Competitive Intelligence/Key Intelligence Topics (KITs)

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As companies become more globalized and technologically advanced, the need to identify Key Intelligence Topics (or KITs) becomes increasingly important for companies to survive. Companies are no longer dealing with local entry threats or local suppliers, but now face competition from firms in other countries around the world. Because of this globalization, the landscape has become extremely competitive with companies shifting focus to products, services and customer satisfaction. Evidence of this globalization can be seen over the last 50 years in the United States as the American automotive companies have been slowly overtaken by Japanese and European automakers, or in technology such as televisions and appliances.

The first step for firms to identify their KITs is through information gathering. The information gathered can be used for: strategic planning, possible mergers and acquisitions, new market decisions, pricing decisions, etc. Organizations have different ways of gathering information to define their KITs. For example, some companies such as AT&T and Pfizer have their own Strategy Departments which gather information through surveys, trade publications, analyst reports and database searches. Other companies, such as Kraft, have strategic departments within their Marketing Departments, these departments use public information in magazines and news papers to fill define KITs. While, still other companies, such as General Mills train their employees on competitive intelligence and gathers information through employee focus groups where data is gathered, organized and analyzed. Though the methods to define and analyze KITs may differ from company to company, the commonality in all of this is that they require management backing and support to operate. Without the full support of management, CI departments would not have the needed funds or power to operate successfully.

Once KIT information is gathered, they must be categorized to allow for proper analysis and presentation to management. The most common KIT categories are:

- Strategic KITs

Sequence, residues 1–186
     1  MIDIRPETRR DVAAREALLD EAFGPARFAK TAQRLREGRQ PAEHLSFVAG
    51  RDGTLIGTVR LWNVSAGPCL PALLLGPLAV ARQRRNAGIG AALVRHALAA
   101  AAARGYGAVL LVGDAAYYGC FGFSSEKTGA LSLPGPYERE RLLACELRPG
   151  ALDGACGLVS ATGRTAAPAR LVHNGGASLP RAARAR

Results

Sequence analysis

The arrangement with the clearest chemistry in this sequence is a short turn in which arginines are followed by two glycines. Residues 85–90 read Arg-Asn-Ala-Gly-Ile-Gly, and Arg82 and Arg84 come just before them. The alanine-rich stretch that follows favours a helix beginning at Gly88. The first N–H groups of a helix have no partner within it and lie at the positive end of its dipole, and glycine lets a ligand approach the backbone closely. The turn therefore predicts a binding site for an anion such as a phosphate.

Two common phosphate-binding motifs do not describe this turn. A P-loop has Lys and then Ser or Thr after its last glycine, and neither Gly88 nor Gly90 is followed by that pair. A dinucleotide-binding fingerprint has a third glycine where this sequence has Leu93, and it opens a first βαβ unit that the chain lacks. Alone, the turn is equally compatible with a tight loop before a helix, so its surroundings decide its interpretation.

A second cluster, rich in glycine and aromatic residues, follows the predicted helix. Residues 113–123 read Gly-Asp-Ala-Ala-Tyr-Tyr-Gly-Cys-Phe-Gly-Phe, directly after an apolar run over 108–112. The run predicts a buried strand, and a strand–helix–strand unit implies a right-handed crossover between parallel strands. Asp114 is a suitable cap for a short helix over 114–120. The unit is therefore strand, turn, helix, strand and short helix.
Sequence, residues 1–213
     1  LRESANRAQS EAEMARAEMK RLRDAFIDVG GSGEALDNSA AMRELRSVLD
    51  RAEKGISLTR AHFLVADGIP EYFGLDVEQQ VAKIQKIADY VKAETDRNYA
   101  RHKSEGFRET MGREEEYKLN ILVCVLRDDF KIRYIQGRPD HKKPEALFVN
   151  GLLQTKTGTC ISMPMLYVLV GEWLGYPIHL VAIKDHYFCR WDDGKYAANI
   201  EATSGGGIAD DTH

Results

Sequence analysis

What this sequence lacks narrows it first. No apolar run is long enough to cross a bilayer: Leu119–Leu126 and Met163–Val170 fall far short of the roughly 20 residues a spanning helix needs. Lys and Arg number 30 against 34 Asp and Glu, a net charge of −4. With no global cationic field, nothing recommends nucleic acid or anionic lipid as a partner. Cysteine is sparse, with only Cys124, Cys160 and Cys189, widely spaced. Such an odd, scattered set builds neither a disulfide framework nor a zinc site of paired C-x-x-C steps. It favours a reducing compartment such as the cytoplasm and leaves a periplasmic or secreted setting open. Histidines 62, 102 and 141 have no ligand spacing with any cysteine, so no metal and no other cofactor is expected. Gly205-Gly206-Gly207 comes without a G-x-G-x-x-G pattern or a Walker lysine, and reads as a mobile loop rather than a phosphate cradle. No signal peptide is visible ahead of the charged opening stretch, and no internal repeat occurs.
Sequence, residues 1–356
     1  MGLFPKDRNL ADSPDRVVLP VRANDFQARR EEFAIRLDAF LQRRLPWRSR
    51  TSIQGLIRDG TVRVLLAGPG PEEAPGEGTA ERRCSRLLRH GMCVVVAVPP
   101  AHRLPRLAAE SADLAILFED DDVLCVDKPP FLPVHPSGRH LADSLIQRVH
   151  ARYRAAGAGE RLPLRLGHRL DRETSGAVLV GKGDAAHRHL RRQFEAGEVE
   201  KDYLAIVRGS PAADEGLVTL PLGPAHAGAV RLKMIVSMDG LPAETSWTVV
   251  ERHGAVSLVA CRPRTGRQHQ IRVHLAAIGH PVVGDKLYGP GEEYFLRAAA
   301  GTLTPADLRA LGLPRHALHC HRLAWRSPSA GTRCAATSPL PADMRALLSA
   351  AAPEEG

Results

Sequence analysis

- Early Warning KITs

- Key Player KITs.

Strategic KITs contribute to key decisions in relation to strategic formulations and implementation for the company. Strategic KITs are used to make determine on actions such as: investment decisions, global expansion, technological competitiveness, global alliances and/or acquisitions.

Early Warning KITs identify forthcoming threats and opportunities for the company in the market. Some examples of Early Warning KITs include: new entrant threats, government regulations, untapped market, and any shifts in bargaining power.

Key Player KITs arise from market rivalries, new entrants, and substitute products. However, Key Player KITs can also deal with none threatening means such as new suppliers or contractors which have entered the market as well.

Though information is placed in one of the three KIT categories, they do not operate independently of one another. There is an interrelationship that exists linking each of the three KITs. For example, the presence of an Early Warning KIT (new government regulation) may result in management looking into Strategic KITs (plan to counter / comply regulations), which may result in reviewing Key Player KITs as part of the strategy to form new alliances (contracting with lobbyists). Another example would be the presence of a Key Player KIT (new supplier), which results in an Early Warning KIT (possible new contract) and becomes a Strategic KIT (contract to lower cost and increase market share).

Looking at the three KIT categories, the majority of the world places more emphasis on Strategic and Early Warning KITs, while Key Players KITs are lower on the rankings. The emphasis on Strategic and Early Warning KITs could be attributed to the competitive nature of global market where foreign firms entering into new markets may threaten the incumbents’ market shares. However, the United States and North America employ Key Players and Strategic KITs, while Early Warning KITs less emphasized. The emphasis of North American companies on Key Players and Strategic KITs is reflexive of a strong sales culture, competitive market and entrepreneurial culture.

An example of using KITs in a global business is the entry of the KFC fast food restaurant’s dominant immergence in China as the most successful fast food chain in China. In the United States, KFC ranks 6th among fast food chains to giant McDonalds in a 2009 ranking . However, in China “Colonel Harland Sander’s image is a far more common sight in many Chinese cities than that of Mao” .

The Yum! Brand Company can be seen as one that has the use of KITs to move it into this new market. The use of Key Player and Strategic KITs are combined in this situation as the success of KFC is through the use of these KITs. One of KFC’s key players is the local management team used to work on their franchises. With the American brand being operated by Chinese locals, the flavor and the appeal of the restaurant can be better tailored to the culture. Also, the strategy of using cultural flavors in their ingredients rather than using the traditional flavors famous in America helps to win the locals over, rather than forcing them to like the American version of the famous chicken.